Buying a new home is a big decision and is influenced by so many different factors. At least 34% of those who bought new homes wanted to not have to deal with renovations or any plumbing or electricity issues. Others want to live in walkable neighborhoods, prize safety, and community. And though home ownership with a yard and white picket fence is certainly the epitome of the American Dream, that dream might be shifting as the population and demographics of the country change. Condominiums are becoming increasingly popular, with a condominium community, easy access to amenities, and good locations almost guaranteed. If you’re thinking about shifting to a condo — or just going straight to condos and skipping the home part of real estate, here’s what you should know.
What Makes Condominiums Different From Apartments?
Though in a physical sense, condos and apartments look similar and the price differential often isn’t that great, the real difference lies in ownership. Tenants rent from an individual or business, whereas condo units are fully owned by the individuals and simply managed by a condo association, usually in tandem with a property management group. If you rent a condo, the owner of the condo is your landlord, not the association or property management group.
You may be responsible for upkeep of a condo, unlike with an apartment, but the monthly cost will stay fixed year in, year out, which does not usually happen with apartment rental prices, which can fluctuate (unless you’re lucky enough to have a rent-stabilized apartment). You also have greater flexibility in renovating and customizing a condo than an apartment.
Luxury condos, especially, may offer uniquely attractive amenities, locations, and designs to attract would-be homeowners into condo living.
What are the Advantages of Looking at Condominiums?
Certain amenities become more accessible — swimming pools, fitness facilities, and so on, might be possible in a condo community. Buying your own home or renting an apartment makes these amenities more difficult to come by. Similarly, if you’re interested in developing a community and neighborhood where you live, condo communities can certainly provide that.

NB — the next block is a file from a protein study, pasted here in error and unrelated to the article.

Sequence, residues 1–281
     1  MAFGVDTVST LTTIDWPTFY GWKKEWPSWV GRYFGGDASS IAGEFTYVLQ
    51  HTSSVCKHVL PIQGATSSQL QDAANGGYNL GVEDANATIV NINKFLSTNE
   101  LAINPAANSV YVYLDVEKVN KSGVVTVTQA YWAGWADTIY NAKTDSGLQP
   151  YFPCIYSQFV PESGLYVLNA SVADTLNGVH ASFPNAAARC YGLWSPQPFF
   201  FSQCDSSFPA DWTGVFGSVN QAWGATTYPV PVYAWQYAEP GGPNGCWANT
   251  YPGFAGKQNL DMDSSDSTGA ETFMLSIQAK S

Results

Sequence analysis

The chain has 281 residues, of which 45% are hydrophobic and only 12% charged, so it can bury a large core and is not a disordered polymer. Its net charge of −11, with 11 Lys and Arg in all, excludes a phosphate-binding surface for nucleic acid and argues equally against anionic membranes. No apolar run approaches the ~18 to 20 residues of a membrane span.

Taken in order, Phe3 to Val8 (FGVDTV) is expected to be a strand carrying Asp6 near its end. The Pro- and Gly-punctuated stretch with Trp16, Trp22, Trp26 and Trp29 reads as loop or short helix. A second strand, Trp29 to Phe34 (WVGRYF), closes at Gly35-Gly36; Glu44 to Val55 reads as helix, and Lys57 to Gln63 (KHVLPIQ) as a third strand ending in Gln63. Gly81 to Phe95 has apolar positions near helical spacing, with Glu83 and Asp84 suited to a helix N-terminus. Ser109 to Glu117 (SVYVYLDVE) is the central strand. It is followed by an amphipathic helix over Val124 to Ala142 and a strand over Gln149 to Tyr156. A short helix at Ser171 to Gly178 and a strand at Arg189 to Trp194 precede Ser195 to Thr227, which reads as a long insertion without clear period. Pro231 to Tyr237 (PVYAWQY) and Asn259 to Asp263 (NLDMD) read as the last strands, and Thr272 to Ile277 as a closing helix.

Some condos may have regular social events and shared activity areas like pools, tennis courts, fitness facilities, and social rooms are a great hub for interacting with others who live near you. One may also have a better sense of safety, especially in a gated community, and worry less about their children’s whereabouts.
Condos are often built in extremely desirable locations, but also often go for a lower price than a house in the same area. If you’ve always wanted beachfront property, for example, looking at condos can be a good option to consider.
You may also be able to acquire tax deductions, thanks to your mortgage payments and build equity, as well as capitalize on your property as a rental property later on down the road. Since you own the condo, these are all options available to you, versus renting an apartment where you have no ownership.
What Should I Consider When Viewing Condominiums?
Be sure to ask about the homeowners association fees that accompany your monthly payments, so you know upfront how much you’ll owe each month. You should also inquire into management and how financially stable the management is. It’s also worth asking about their reserve funds — that is, how much money the association has set aside to work on repairs. A low reserve fund might indicate bad management.
If you’re looking for a community environment, you might also want to ask how many people actually live in the building full-time, versus those who only spend part of their time there.
There should also be condo community insurance, which many management companies might look to reduce or drop entirely to save costs. However, that can lower someone’s investment and in a worst case scenario, be a devastating decision.
Condos are becoming increasingly popular as the population becomes more transient and looks for less expensive forms of housing. There are tons of advantages to looking into condo living, but like with any big decision, you should know the questions to ask.